The Art of Pet Names
We have a dog. The dog was a gift to my wife before she had the unfortunate distinction of being my wife (I hear self-deprecation is sexy these days). We had the dog three years prior having any kids.
I had the name for the dog already picked out. My wife put up no fight over it. It was a name I’d had in mind for quite some time. You see, my father loved dogs but was allergic to them, so I never had one growing up but dreamed of the day I would own my own home and be able to have a dog waiting for me when I returned. Of course, I may have felt differently had I known then that dogs don’t wait by the door to lavish you with affection so much as they wait for you to feed them, walk them and pick up their crap. When you really look at the whole relationship, it screams Stockholm Syndrome.
Regardless, whenever I call my dog’s name (his proper name, not the other names I sometimes call him) I’m proud of it. I like his name. It’s a quality pet name.
I tend to like naming pets regular human first names. Fred, Cletus, Jesse, Walter, Truman, Daisy, Elvis, Brutus and Ginger all work for me as pet names. Feel free to use them. I also like to use the name of a different animal. A dog named Bear or Snake, a goldfish named Jackal, a housecat named Gazelle or a hamster named Rhino (I stole that last one from Bolt, so sure me) (Note to Disney: Please don’t sue me). I suppose there’s a sort of ironic quality to it that I like. I feel that by being clever with your pet’s name you somehow transfer that cleverness over to the animal.
Recently, while at work, I found a Northern Brown Snake outside of a restaurant, about to be stepped on. I caught the snake and placed it in a bag, determined to bring it home to show my sons. To be clear, by “show” I mean cause them to be so enamored with it that my wife would have no recourse but to suddenly allow a writhing reptile, the likes of which she would never normally allow to set…stomach?...in her house, to establish permanent residency. So, as luck (and by luck I mean emotional manipulation) would have it, we now have a small pet snake.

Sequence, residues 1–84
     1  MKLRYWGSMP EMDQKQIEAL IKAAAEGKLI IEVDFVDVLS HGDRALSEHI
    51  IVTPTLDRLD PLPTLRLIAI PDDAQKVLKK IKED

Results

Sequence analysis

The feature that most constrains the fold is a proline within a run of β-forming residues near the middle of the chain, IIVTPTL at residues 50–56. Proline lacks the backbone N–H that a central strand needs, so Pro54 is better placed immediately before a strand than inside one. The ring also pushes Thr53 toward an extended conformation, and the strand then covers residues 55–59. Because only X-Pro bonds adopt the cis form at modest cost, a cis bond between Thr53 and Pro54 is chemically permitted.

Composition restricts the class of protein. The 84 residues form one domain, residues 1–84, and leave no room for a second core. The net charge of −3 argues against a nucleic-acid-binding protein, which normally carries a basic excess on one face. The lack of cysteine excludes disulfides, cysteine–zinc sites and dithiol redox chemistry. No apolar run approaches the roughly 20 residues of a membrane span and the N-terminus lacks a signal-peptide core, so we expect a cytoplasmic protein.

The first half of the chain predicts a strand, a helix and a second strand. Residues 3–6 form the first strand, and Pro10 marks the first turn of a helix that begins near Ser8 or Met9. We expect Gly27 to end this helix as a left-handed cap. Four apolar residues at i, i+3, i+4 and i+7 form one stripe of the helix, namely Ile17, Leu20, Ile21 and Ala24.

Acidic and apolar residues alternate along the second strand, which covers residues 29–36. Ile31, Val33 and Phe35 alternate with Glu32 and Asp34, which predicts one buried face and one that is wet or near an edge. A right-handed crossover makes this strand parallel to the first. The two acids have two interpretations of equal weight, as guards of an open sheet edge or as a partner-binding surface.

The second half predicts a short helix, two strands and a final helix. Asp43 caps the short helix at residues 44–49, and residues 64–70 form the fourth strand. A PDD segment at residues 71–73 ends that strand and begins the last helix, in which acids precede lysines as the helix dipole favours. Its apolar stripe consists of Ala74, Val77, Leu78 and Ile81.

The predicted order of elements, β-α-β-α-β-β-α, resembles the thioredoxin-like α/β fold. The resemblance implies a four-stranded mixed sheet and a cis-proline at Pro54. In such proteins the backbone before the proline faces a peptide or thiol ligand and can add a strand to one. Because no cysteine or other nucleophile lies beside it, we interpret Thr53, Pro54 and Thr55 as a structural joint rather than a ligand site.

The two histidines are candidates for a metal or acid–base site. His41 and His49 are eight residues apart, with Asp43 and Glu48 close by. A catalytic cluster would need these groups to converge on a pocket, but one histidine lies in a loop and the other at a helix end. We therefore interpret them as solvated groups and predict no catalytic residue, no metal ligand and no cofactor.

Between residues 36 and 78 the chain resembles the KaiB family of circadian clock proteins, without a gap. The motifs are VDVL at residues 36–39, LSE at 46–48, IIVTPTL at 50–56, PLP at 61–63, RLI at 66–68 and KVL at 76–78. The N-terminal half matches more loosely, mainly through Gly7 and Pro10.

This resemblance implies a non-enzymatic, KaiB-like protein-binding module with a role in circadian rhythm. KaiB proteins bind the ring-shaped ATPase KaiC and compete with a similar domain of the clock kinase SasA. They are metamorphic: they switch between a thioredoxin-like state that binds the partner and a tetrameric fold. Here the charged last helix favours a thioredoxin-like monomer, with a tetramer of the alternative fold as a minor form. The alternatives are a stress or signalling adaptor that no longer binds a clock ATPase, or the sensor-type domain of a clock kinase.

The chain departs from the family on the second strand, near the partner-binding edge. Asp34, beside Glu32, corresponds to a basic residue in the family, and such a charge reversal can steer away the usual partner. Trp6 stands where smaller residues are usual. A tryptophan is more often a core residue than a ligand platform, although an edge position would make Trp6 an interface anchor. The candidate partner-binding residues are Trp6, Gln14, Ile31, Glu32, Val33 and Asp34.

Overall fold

Upon first capturing the beast, it had occurred to me that I should name it. By naming it, I would exert my dominion over it as master. But, a co-worker suggested that allowing my sons to name the snake would be half the fun. It would make them feel like the snake was theirs and that the experience of caring for a pet that they named would feel like real family time.
I felt like a heel for thinking I’d name the snake without them. How inappropriate would it be to show up with an already named animal from off the street? It would be like walking in with some vagrant and introducing him as your family waited for you at the dinner table.
“Hi honey. Hello, boys. This is Arthur. He was holding a sign along the expressway exit that said he was hungry and I thought it a strong coincidence that I was on my way home for dinner. Oh, and he’s going to be staying with us for awhile.”
Well, at least that’s how it suddenly seemed to me, like I would be placing an enormous, completely unexpected burden upon my family.
So, even though I doubted my boys would listen to any of my clever name suggestions, I decided to let them name the snake I was planning on introducing to the household. That’s not to say I didn’t try. Names like Thadeus, Elroy, Hector, Leonard and even cuter names like Sheds and The Incredible Mister Slithers were whispered by yours truly into my sons ears as they thought of what to name it. To my frustration, not a single one stuck.